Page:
Gokurakuji, or The Elfen Lied Pilgrimage, Part I

Elfen Lied is a dark, creepy anime. Those who have heard of it either love it or refuse to watch it because of its ridiculously high level of gore and shocking scenes. All opinions about the anime itself aside, the animation studio Arms did a great job recreating the area surrounding Enoshima, such that it took me several hours to get together all of the screenshots and match them up to the mostly haphazard photos I took while I was there. I hadn't seen Tari Tari before going to Japan, but it's worth noting that the high school anime takes place in this area as well.

This post starts with the night of Monday the 15th. I skipped this part before so that I could bring it all together into something more tangible. Monday night, I boarded a train and visited Gokurakuji, but I wouldn't be there for long.

The vending machine at the station had one of my favorite, but rare beverages. The only place I had seen it before was the vending machine in a dark corner at Shintennoji University, so I was happy to be reunited with the mysterious drink.

The Enoden line is one of the coolest trains in Japan, and I think trains are stupid. It runs a series of old-fashioned-looking passenger trains through a wild and overgrown series of towns, sometimes surrounded on both sides by the walls of buildings.

It was aboard this train that I got my first taste of the Elfen Lied pilgrimage. The train was packed, but I could still recognize it from this scene that starts out calm but turns into utter chaos.

These trains are pretty unique. They also appear in Tari Tari on several occasions. Maybe I'll find some screenshots to compare them with in part II.

Gokurakuji is a very unique town. It's very small-time, surrounded by groves, temples, cemeteries and overgrown old structures. It's the ideal place for a tourist who doesn't like tourists.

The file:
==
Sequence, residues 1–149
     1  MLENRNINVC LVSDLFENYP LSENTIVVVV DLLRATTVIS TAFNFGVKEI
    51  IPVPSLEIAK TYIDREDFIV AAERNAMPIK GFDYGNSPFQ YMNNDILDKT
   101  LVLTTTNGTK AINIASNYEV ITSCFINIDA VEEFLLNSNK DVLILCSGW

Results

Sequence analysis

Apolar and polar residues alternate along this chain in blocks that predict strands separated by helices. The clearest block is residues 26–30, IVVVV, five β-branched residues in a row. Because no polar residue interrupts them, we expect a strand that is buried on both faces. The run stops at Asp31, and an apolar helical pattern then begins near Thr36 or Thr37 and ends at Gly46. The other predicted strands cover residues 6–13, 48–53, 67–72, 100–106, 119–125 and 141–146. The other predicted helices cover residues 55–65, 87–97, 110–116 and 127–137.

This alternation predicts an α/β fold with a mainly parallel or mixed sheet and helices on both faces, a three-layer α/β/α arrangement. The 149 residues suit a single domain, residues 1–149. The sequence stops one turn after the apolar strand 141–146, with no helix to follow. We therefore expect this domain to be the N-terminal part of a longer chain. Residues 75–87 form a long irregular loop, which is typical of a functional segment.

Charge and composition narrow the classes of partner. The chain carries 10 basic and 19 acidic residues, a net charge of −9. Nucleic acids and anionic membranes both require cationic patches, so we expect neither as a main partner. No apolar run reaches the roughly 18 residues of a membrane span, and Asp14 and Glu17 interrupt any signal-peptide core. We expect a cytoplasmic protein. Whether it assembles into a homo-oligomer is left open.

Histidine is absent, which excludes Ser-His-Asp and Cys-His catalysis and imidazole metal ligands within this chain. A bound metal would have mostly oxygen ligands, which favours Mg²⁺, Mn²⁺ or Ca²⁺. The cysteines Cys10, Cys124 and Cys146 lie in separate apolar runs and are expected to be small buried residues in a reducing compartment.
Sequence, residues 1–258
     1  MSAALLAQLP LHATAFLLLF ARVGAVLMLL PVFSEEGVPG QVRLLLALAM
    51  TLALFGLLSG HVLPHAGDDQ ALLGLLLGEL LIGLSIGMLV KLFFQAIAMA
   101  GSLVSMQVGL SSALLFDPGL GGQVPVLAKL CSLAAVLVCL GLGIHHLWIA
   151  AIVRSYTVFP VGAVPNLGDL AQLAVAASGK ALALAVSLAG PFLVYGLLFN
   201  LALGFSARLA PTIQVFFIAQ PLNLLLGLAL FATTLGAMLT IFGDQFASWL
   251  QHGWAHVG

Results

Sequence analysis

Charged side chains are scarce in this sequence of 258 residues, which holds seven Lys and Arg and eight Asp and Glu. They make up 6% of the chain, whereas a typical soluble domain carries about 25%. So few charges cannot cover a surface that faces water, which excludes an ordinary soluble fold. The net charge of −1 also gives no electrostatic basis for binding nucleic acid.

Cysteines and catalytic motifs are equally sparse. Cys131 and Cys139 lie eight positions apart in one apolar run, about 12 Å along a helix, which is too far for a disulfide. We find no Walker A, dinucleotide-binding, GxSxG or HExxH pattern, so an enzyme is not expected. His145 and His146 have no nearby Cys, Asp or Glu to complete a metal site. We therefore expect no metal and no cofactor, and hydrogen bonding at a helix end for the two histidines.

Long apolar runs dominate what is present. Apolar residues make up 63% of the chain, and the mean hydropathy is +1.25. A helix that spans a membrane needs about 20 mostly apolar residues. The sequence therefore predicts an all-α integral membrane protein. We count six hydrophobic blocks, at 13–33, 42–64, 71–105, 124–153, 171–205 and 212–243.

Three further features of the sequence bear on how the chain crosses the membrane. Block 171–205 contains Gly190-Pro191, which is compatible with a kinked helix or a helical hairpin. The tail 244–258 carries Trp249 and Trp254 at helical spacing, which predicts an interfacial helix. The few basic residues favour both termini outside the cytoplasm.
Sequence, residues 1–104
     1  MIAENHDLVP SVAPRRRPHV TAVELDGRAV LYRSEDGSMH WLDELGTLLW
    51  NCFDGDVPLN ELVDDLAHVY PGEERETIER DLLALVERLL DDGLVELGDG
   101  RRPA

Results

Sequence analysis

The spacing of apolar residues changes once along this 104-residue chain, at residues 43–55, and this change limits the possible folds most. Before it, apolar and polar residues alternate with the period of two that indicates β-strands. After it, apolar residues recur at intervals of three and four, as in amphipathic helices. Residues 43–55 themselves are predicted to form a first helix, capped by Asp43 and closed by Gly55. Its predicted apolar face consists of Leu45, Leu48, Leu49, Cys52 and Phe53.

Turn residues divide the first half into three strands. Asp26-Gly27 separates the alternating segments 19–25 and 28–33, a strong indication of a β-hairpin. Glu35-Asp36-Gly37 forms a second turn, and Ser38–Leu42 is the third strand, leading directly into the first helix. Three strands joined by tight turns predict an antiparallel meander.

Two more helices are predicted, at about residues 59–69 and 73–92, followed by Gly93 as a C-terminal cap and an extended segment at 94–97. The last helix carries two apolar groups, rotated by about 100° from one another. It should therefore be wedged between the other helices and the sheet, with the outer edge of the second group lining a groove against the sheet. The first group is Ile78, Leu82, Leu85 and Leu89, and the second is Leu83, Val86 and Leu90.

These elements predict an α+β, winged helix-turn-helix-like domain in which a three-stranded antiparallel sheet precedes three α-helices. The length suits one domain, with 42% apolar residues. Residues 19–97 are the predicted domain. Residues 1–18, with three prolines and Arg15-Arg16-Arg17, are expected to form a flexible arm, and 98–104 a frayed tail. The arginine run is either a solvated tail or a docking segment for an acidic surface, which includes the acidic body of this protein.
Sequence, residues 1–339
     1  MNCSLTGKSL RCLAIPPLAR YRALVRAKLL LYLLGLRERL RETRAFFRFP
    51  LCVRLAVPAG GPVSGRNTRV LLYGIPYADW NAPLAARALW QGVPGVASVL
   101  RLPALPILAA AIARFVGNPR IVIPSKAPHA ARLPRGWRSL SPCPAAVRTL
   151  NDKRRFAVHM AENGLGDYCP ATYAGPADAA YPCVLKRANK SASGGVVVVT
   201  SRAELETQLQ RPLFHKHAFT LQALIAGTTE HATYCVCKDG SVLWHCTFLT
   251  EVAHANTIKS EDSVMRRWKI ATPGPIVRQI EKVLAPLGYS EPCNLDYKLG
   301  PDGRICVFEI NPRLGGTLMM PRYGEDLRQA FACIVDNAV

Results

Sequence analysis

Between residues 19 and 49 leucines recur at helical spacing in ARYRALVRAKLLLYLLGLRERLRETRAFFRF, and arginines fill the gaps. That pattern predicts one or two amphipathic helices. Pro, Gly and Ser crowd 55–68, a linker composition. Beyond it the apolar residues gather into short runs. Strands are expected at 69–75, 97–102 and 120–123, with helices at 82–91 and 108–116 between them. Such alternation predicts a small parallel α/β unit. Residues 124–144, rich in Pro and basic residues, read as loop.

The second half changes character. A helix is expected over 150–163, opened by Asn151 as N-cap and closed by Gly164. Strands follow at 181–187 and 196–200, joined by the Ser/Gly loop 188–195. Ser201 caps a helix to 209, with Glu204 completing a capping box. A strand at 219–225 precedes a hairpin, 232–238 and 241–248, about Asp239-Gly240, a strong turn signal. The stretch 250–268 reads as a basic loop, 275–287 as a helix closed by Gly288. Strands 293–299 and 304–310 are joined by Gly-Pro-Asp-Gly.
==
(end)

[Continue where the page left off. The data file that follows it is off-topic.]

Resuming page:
Plus, you get to take an anime pilgrimage, if you're into that sort of thing.

I excitedly climbed the steps, readying myself to see the iconic distant beach framed by trees and a long staircase.

Unfortunately, the temple at the top of the stairs closes at 5:00 P.M. Never overestimate the hours of places in Japan. Especially temples.

Feeling let down by the banking hours of the temple at the top of the stairs, I made my way back to the station. My initial plan was to hit a couple of other places along the Enoden line, but I knew I would have to come back, and I also saw an ad for a one day all-you-can-ride ticket at the station, which would allow me to go where I wanted at a much better price. I decided to continue this adventure the next day.

I headed back into the city, feeling a little defeated. I bought a snack to cheer me up. (Actually, I was just hungry).

Naturally, no day would be complete without a stop in Akihabara. I spent the last couple hours of my day visiting some new places that I was tipped off to by blogs on the internet.

The best of these was the "Cultures Zone." It's pretty much right smack dab in the middle of Akiba, right around the corner from Super Potato and half a block east of the central intersection, but it doesn't stand out so much as an exciting place to walk into and visit. I was kicking myself for not having visited sooner. The second floor from the top has several figure and toy stores, an army surplus-looking store, and a store that sells all manner of nerdy posters and magazines.

I ate my dinner of sandwiches from 7-Eleven (don't judge me) and prepared myself for the return trip.

I got up pretty early (around 8) and checked out a couple of places before heading right back to Gokurakuji. I apologize for this Pulp Fiction-esque chronology. This time I made sure to get the all-day pass, which stood to save me about 5 bucks worth of Monopoly money.